Full TitleA Phase I Trial of Consolidation Therapy with Autologous T Cells Genetically Targeted to the B Cell Specific Antigen CD19 in Patients with Chronic Lymphocytic Leukemia Following Upfront Chemotherapy with Pentostatin, Cyclophosphamide and Rituximab
This study is evaluating a new gene therapy for patients with chronic lymphocytic leukemia (CLL) that persists despite standard chemotherapy. The therapy uses white blood cells called T cells that have been modified to recognize and kill leukemia cells by targeting a protein on CLL cells called CD19.
The modification is achieved by taking T cells from a patient’s blood and inserting a gene into them. The goal of this study is to find the optimal dose of these modified T cells that can be given to patients with CLL that persists despite initial chemotherapy.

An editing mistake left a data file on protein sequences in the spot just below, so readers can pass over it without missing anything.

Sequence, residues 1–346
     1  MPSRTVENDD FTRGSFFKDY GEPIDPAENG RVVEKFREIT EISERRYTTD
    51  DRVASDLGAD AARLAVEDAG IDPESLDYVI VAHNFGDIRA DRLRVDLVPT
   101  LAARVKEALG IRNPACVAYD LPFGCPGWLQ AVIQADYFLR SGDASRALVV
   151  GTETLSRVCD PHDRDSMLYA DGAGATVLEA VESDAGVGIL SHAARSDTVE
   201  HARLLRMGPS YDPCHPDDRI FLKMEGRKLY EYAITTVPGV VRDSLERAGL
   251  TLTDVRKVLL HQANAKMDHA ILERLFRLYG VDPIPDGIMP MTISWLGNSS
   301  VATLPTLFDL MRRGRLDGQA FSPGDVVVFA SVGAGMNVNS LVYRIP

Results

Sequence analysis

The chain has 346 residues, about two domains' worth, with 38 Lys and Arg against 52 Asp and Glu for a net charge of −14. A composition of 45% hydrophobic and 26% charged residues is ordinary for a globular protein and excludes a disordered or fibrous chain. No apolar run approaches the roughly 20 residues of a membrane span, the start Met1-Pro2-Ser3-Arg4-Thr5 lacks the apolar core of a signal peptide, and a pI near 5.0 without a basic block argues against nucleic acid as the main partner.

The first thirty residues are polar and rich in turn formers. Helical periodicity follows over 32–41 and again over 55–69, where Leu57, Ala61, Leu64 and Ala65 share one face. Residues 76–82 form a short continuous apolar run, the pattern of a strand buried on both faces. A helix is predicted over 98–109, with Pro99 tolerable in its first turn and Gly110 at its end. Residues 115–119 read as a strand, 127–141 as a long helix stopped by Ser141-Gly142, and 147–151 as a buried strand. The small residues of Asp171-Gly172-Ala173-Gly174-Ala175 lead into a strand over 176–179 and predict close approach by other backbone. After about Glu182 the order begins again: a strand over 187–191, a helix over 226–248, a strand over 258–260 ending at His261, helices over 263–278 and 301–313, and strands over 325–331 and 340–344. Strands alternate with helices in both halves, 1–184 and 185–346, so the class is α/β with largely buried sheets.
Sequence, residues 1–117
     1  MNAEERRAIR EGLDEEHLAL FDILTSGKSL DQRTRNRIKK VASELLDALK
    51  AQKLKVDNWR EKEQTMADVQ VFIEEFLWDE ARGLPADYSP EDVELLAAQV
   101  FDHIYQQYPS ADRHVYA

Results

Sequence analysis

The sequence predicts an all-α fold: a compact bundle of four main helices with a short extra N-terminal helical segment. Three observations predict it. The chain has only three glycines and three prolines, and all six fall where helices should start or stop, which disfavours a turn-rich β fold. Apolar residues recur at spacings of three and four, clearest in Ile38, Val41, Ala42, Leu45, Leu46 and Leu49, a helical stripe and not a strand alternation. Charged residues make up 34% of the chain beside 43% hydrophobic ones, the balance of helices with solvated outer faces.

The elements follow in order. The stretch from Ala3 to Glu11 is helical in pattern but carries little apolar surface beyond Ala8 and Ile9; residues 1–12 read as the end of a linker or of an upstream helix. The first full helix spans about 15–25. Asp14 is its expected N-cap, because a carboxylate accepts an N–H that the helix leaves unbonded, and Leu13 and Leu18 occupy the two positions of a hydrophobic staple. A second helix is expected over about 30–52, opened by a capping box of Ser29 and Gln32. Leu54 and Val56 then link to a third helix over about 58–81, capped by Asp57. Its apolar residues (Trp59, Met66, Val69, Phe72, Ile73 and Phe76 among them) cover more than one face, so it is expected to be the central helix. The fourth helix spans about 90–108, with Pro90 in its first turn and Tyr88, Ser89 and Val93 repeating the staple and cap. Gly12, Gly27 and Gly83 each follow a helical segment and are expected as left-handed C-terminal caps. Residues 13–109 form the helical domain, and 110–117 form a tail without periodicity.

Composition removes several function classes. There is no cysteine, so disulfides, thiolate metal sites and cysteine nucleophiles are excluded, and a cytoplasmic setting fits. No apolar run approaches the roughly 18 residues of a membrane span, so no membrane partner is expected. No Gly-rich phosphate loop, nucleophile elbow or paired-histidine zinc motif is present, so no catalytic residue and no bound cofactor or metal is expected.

T cells that were modified in this way were shown to cure a cancer similar to CLL in mice. Early studies in patients who received the therapy showed tumor shrinkage or a slowing of tumor growth in some patients.
To be eligible for this study, patients must meet several criteria, including but not limited to the following:
- Patients must have CLL that persists despite prior treatment with pentostatin, cyclophosphamide, and rituximab.
- Patients may not have previously been treated by allogeneic or stem cell transplantation.
- Patients must be age 18 or older.
For more information about this study and to inquire about eligibility, please contact Dr. Jae Park at 212-639-4048.